Saturday, June 27, 2009

Where Ya Gonna Go When Da Volcano Blows?

You might imagine those words were written for the people of Montserrat. The song however, came before the eruption but it was a favorite tune played on the island as the Soufriere Hills Volcano erupted. Jimmy Buffet recorded the song in a recording studio on the island. A studio that recorded songs of serveral stars, including Paul McCartney, Stevie Wonder, Elton John, The Rolling Stones, Eric Clapton and Phil Collins to name a few.

So what happened here? And, where did all the people go?

We were curious and wanted to hear the local version so we decided to pay a visit to the island of Montserrat. We anchored in a beautiful small bay called Rendezvous Bay. Pelicans entertained us with their dive bomb technique of fishing.

Right around the corner is the new small town of Little Bay. This town is slated to be the new capital city. If plans come to fruition, it will have a cruise ship dock, royal yacht club, marina, hotels, boardwalks, hillside villas, etc. Right now, however, it is a sleepy small Caribbean town.

Looking over our shoulders we can easily spot Fine Line alone in Rendezvous Bay. This is a friendly island but we always lock up securely when leaving the boat.

Standing alone on the hillside is the beautiful new Cultural Centre. Why the four-leaf- clovers? Montserrat was once called the Emerald Isle of the Caribbean. The catholic Irish arrived in 1632 to escape persecution from Protestant rule on neighboring St. Kitts. The growing sugar cane trade soon surpassed the abiltity of the Irish workers and so in the middle of the 17th century slaves were brought to the island to work in the fields.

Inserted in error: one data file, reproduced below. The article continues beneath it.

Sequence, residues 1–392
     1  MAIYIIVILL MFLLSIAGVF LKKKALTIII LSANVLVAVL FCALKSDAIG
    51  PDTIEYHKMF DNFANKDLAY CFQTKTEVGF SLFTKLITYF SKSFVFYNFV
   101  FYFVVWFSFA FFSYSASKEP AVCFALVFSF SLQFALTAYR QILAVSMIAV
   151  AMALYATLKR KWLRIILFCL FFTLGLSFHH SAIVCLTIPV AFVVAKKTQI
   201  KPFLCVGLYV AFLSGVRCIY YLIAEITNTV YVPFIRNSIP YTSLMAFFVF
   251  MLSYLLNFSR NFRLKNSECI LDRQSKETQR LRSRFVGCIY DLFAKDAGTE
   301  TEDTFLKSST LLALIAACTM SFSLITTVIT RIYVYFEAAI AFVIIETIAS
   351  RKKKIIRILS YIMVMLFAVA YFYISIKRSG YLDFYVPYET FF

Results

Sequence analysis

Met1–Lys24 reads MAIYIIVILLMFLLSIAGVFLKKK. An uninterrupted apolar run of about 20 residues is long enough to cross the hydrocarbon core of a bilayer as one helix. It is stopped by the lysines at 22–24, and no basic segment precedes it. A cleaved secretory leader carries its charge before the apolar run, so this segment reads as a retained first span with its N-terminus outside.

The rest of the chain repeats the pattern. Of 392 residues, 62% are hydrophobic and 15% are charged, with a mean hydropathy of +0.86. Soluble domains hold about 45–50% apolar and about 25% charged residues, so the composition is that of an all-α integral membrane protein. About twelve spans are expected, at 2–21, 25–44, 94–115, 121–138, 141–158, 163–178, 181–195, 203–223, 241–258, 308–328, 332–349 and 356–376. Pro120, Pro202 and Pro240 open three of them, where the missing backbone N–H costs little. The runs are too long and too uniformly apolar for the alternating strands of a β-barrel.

Inside the center you find a state of the art multipurpose facility.
We asked our guide what was the most common use for the center and he waffled a bit but it seems alot of people like to get married here. He eagerly showed us how easy it was to pick up and stack the chairs. You now have a big dance floor with a disco ball in the ceiling.

Outside there was lots of construction going on. Building a new town is not easy. Roads and utilities are first and require a skilled labor force and much equipment. Many of these needs are imported from other islands.

Our tour guide, Mr. Joe Phillips, grew up on Montserrat and proved to be a wonderful historian. He brought along his assistant, Shaker.

Our next stop was a local Methodist Church. It was built on the north side of the island, far away from the volcano. Did God know?

The church dates back to

Encouraged by Shaker, Steve did some breaking and entering.

It was worth the 10 least Anne thought so.

Our tour guide waited outside, keeping our ride nice and cool in the shade.

The island is very green and lush. The residents are very self sufficient. Homes are well tended and have gardens planted with all sorts of vegetables and fruits. Here is a terraced garden on a very steep mountainside.

The view and breezes from the mountains are great. Slowly we are beginning to make our way south towards the Exclusion Zone. Our tour guide is very animated as he tells us how the residents were forced to leave their homes and all their possessions behind when the volcano erupted. In the beginnning they hoped and prayed the volcano would calm and life could return to normal. But such was not the case. The volcano that had been dormant for 400 years erupted over the next two years. The capital city of Plymouth, the airport and surrounding areas were distroyed, coverd with thick gray mud.